A more typical Aller Vale Torquay pottery jug in the rare U3 pattern (FS24/498).

 

The descriptive term ‘a lifetimes collection’ is one that is often over used, but the Torquay pottery, particularly that from Aller Vale, Watcombe and Longpark, that Roy managed accumulate over a thirty-six year period could genuinely boast to being a lifetime collection.

 

 a watcombe torquay pottery teapot after a design by christopher dresser (fs24/491).

A Watcombe Torquay Pottery teapot after a design by Christopher Dresser (FS24/491).

 

Ill health has meant that he has now decided it is time to disperse his collection, a decision he didn’t take lightly, but one he hopes will allow other collectors to acquire pieces that took him decades to find.

He kept a catalogue from 1976, when he acquired his first piece of ‘motto ware,’ and since then 1249 pieces have passed through his hands, each meticulous hand written entry stating when, where and from whom he purchased the piece, along with the asking price and what he actually paid, often along with personal comments about the piece.

 

 

High Art - Watcombe Torquay Pottery flask with Venetian scene (FS24/479).

 

Although not a founder member of the Torquay Pottery Collectors Society which formed the same year he acquired his first piece, he and his wife Gloria were both early members and avid collectors. After her death in 1995, his passion for rare pieces increased as did his attendance at the Society’s annual auction.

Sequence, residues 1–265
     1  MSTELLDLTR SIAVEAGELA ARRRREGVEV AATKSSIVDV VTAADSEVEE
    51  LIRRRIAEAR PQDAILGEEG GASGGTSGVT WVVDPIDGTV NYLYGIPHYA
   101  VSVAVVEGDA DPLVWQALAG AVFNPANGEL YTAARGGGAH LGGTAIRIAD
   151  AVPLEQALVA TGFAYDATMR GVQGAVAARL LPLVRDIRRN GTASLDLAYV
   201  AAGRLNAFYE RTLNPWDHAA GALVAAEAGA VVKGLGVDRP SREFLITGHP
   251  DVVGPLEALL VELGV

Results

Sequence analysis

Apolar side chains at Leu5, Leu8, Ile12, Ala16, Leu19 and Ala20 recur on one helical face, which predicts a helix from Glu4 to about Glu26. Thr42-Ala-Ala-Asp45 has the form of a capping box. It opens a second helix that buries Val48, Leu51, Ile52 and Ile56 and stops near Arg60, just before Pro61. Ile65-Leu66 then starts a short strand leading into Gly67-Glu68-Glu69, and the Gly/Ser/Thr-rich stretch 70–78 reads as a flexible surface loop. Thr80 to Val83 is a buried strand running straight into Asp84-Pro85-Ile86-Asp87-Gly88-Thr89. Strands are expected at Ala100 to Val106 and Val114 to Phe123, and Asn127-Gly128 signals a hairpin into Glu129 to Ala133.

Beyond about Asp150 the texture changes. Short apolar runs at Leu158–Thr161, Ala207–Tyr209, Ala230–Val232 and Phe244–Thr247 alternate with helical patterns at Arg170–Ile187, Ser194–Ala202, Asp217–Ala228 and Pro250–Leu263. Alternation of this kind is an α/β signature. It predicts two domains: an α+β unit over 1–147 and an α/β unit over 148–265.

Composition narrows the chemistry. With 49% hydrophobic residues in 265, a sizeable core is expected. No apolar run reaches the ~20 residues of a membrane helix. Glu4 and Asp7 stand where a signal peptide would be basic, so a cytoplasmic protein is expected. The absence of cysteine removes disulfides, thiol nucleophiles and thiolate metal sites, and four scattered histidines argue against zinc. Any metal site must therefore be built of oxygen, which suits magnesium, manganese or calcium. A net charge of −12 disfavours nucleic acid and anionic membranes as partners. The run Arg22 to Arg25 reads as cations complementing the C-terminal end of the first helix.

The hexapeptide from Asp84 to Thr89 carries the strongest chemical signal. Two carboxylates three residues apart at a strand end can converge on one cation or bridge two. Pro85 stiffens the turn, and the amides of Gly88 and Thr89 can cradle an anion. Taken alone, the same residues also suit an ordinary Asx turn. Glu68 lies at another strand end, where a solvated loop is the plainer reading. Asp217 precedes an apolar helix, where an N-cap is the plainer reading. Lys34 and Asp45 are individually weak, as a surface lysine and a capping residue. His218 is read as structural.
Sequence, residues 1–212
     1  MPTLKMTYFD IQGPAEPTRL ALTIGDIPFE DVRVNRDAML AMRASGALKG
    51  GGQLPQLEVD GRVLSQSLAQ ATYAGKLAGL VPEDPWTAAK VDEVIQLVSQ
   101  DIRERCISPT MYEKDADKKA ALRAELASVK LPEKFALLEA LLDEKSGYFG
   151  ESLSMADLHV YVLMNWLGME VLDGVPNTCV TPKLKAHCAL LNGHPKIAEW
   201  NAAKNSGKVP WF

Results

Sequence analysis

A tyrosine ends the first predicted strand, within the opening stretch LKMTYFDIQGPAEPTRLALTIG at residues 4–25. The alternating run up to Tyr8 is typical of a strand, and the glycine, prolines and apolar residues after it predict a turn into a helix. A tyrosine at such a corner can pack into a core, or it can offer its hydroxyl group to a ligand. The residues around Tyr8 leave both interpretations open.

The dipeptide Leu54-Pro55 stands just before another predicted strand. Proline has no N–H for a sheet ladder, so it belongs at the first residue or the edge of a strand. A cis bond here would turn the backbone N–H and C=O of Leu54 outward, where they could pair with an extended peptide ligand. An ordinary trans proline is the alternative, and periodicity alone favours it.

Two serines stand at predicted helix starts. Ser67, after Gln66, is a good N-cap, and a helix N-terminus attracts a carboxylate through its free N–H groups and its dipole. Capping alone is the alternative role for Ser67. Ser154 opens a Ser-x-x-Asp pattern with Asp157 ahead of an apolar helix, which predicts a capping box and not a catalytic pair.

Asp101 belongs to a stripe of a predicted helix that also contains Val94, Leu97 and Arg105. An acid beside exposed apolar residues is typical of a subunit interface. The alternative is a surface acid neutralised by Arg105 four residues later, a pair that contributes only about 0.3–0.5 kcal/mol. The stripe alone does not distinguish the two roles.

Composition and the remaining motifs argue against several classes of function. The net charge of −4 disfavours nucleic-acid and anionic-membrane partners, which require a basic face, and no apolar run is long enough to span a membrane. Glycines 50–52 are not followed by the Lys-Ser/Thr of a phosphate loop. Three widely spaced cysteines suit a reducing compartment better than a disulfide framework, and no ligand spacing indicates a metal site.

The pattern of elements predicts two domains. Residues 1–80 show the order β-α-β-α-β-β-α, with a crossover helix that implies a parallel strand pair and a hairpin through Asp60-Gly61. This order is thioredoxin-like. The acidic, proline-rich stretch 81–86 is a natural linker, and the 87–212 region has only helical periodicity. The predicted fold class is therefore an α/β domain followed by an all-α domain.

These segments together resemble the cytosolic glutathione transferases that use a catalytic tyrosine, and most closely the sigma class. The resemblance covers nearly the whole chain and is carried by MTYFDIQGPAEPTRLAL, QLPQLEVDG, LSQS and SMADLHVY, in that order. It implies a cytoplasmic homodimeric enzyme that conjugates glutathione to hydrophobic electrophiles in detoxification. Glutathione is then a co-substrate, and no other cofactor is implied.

An Aller Vale Torquay Pottery armadillo ewer - Roy's Holy Grail (FS24/470).

 

His entry for Lot 470 which he acquired on 18th September 2004 is annotated ‘At last! Waited a long time, but worth it’! Part One of the Roy Paine Collection will be offered on Wednesday, 29th October 2014 as part of the pottery auction within our Autumn 2014 Fine Sale and if the bidders and collectors who attend the auction at Bearnes Hampton & Littlewood in Exeter feel anywhere near as enthusiastic about their purchases, Roy would be happy that they have gone to good homes.

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Wednesday, October 15, 2014 4:53:32 PM (GMT Standard Time, UTC+00:00)  #
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Review Entries for Day Thursday, April 17, 2014

All too often the pages of the press are filled with embarrassing stories of celebrities, but a ‘nobody’ in a similar situation is unlikely to achieve much of a stir. So how did the hapless Lieutenant Hugh Munroe become the subject matter of the most desirable piece of Staffordshire pottery ever made? Answering an ill timed ‘call of nature’ rather too close to a nine foot tiger is unfortunate, but hardly front page news in India, even in 1792.

 the death of munroe a staffordshire group by obadiah sherratt

The Death of Munroe a Staffordshire group by Obadiah Sherratt

Lt. Munroe was the son of General Hector Munroe who twelve years previously had defeated Sultan Tipu’s father in the Second Anglo-Mysore War. As the self styled ‘Tyger of Mysore’ the Sultan was big on big cats, even making his army wear striped jackets, he saw Munroe’s demise as divine intervention and celebrated by commissioning, from local makers and the French (who we were also warring with), a fantastical wailing and roaring automaton depicting a prostrate figure being consumed by a tiger.

 a staffordshire group the death of munroe, the tiger in it's natural habitat

A Staffordshire group The Death of Munroe, the tiger in it's natural habitat